A colorful, upbeat overview of the ways massive amounts of data can influence everything from medicine to law enforcement to consumer behavior.
Petabyte is a word that appears often in this app, a companion to the coffee-table book of the same title by the producers of the Day in the Life series. A petabyte is 1,000 terabytes—too huge for any one computer to store but representative of the wealth of data that can now be accessed to provide new insight into human behavior. The app is broken up into essays that precede multimedia-rich features on “big data” trends. For example, in a feature on how computer pioneer Gordon Bell obsessively digitizes nearly every activity, readers can click through a slideshow of images and hear him discuss them. A feature on Major League Baseball’s data-capture process is built around an animation showing the many quantifiable events that occur during a single pitch. And a feature on how laptop motion sensors can be collectively leveraged to detect earthquakes invites users to shake the iPad to learn earthquake facts. Most of the multimedia elements aren’t quite so clever—many just point to related online videos—but the presentation is consistently inviting, rooted in splashy, rich photography, entertaining infographics and clean writing. (One of the more entertaining essays comes from stunt memoirist A.J. Jacobs, who writes about how personal data collection has improved his health.) The app’s chief flaw has more to do with philosophy than with design. Some essays hint at big data’s serious downsides—particularly loss of privacy, hackers and the power of software coders to manipulate consumers—yet these concerns lack sexy infographics of their own and are given little more than lip service.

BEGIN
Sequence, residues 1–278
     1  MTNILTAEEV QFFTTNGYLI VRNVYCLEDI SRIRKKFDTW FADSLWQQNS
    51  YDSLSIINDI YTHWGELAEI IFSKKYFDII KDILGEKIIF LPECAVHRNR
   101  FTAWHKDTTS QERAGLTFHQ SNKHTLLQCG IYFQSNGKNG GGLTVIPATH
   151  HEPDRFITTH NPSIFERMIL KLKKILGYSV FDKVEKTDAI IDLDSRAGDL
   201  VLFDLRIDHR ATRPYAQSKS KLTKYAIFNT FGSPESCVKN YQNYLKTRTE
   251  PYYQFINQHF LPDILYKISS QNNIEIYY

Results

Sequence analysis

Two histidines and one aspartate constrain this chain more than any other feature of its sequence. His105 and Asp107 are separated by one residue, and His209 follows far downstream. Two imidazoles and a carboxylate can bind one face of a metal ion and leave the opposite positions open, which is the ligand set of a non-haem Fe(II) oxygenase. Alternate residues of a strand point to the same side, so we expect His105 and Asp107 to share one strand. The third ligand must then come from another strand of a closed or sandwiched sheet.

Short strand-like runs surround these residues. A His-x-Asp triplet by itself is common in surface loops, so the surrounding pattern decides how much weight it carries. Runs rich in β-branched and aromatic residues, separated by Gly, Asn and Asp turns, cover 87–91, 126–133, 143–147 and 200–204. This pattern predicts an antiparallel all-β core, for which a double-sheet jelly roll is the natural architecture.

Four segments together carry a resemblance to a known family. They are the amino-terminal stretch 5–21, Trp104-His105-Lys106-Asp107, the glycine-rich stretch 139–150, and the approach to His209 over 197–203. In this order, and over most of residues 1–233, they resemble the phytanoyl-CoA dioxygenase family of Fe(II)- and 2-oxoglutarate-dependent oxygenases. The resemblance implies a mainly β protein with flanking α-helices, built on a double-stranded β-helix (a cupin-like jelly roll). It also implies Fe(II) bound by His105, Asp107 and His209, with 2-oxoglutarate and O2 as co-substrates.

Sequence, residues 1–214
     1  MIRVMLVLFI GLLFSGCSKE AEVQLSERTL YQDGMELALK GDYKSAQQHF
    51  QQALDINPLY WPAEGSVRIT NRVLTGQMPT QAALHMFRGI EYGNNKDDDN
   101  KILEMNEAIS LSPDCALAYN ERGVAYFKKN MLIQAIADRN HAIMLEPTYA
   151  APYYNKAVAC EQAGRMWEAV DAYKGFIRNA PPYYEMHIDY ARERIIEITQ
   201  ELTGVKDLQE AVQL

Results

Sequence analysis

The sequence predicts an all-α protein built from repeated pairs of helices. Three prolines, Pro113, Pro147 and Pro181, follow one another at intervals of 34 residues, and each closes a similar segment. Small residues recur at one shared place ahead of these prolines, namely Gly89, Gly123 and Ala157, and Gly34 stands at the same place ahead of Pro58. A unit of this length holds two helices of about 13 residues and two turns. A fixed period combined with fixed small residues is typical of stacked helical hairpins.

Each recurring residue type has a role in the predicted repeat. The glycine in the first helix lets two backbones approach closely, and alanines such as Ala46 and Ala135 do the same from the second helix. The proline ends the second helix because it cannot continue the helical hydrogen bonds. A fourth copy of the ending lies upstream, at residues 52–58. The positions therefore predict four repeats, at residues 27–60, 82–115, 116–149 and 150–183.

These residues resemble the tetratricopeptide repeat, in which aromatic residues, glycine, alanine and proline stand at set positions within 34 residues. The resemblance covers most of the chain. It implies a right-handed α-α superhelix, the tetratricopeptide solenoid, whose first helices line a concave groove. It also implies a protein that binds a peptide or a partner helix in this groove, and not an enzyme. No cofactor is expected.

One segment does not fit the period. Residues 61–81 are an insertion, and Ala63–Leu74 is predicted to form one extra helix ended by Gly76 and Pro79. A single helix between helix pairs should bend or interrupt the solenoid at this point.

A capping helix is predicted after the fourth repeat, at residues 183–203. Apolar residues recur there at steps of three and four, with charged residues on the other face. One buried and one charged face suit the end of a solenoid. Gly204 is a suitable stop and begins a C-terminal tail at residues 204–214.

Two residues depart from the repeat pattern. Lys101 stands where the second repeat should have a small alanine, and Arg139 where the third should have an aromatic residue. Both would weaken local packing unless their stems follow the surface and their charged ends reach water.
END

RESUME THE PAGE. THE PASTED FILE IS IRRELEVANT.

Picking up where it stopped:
A fun look at the next step of tech evolution but one that could have taken a more skeptical look at the risks.